As the week went on, Trump first threatened to severely regulate the social media to prevent them from limiting conservative voices. He tried to make good on that threat by signing an executive order aimed at the social media.
Signed on Thursday, Trump’s “Executive Order on Preventing Online Censorship” begins by saying that the social media platforms are the 21st-century equivalent of the “public square,” meaning that all constitutionally protected speech should be permitted. It goes on to say that
It is the policy of the United States that the scope of that immunity should be clarified: the immunity should not extend beyond its text and purpose to provide protection for those who purport to provide users a forum for free and open speech, but in reality use their power over a vital means of communication to engage in deceptive or pretextual actions stifling free and open debate by censoring certain viewpoints.
To effectuate this policy, the executive order says that within 60 days of the order, the Secretary of Commerce, in consultation with the attorney general and the National Telecommunications and Information Agency, petition the Federal Communications Commission (FCC) to create rules clarifying and limiting the social media’s immunities from liability. It particularly targets the meaning of the statute’s term “acting in good faith” when the actions of the social media site are “deceptive, pretextual, or inconsistent with a provider’s terms of service.”
The executive order also says, correctly, that no politician other than Trump has been limited by warning labels that Twitter has placed on some of Trump’s tweets. Please remember the vast contrast between Trump’s tweets and those of Moore and his ilk. The limits on Trump are, at the very least, pretextual and inconsistent with both Twitter’s terms of service.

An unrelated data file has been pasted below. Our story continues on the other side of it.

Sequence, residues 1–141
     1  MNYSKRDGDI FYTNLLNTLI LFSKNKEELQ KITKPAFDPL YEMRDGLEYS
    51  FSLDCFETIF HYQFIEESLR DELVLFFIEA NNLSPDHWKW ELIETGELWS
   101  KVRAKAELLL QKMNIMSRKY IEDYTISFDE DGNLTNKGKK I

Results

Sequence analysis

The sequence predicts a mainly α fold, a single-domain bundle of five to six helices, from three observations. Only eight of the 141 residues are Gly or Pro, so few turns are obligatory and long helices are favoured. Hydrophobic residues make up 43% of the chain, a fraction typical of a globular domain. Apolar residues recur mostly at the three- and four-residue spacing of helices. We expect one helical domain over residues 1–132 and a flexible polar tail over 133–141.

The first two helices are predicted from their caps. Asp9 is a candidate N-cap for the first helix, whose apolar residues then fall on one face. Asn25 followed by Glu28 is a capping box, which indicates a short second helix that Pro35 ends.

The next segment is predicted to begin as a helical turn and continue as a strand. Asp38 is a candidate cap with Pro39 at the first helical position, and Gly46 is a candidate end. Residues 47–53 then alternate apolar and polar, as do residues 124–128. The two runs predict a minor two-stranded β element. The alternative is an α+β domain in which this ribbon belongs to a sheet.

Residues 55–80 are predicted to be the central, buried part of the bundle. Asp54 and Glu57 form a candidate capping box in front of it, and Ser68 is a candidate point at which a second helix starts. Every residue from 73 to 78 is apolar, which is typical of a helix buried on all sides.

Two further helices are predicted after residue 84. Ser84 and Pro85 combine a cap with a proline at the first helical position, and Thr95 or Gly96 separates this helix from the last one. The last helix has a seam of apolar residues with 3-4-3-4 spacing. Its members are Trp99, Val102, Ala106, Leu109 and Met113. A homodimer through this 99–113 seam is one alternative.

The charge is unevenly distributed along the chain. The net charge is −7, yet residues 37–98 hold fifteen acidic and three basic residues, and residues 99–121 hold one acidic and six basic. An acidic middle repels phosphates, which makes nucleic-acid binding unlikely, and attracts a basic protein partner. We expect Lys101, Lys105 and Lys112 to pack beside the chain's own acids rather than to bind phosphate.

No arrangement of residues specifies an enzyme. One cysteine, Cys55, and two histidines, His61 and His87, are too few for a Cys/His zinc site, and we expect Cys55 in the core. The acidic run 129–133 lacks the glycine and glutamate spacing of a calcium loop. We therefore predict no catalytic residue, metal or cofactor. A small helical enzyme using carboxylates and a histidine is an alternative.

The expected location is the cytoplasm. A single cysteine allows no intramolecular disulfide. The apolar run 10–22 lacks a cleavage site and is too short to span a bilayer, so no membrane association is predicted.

The FCC can either ignore the petition or act in some manner to protect the ability of conservatives, and the president, to post whatever political statements are within the bounds of Section 230.
The usual suspects on the left immediately condemned the executive order as an attempt to deny the right of free speech, which is the opposite of what it would do. Twitter, Facebook, and the rest should be required to follow the law, not the political diktats of their bosses.
If and when the FCC acts, its rules will immediately be challenged in court — almost certainly in a court in California, which is within the Ninth Circuit — and be tied up by injunctions for years. In short, don’t expect that Twitter and the rest will change their behavior before the 2020 election or, perhaps, at any time in the near future.
Trump will, and should, continue his Twitter practice throughout the election campaign. Unfortunately, he rarely has an unexpressed thought. If Twitter keeps trying to limit him, they will find themselves a subject of his most derisive tweets, statements, and speeches. They won’t be able to stand the heat that all of Trump’s millions of Twitter followers generate, which may be more effective than any FCC rule.
Notice to Readers: The American Spectator and Spectator World are marks used by independent publishing companies that are not affiliated in any way. If you are looking for The Spectator World please click on the following link: https://thespectator.com/world.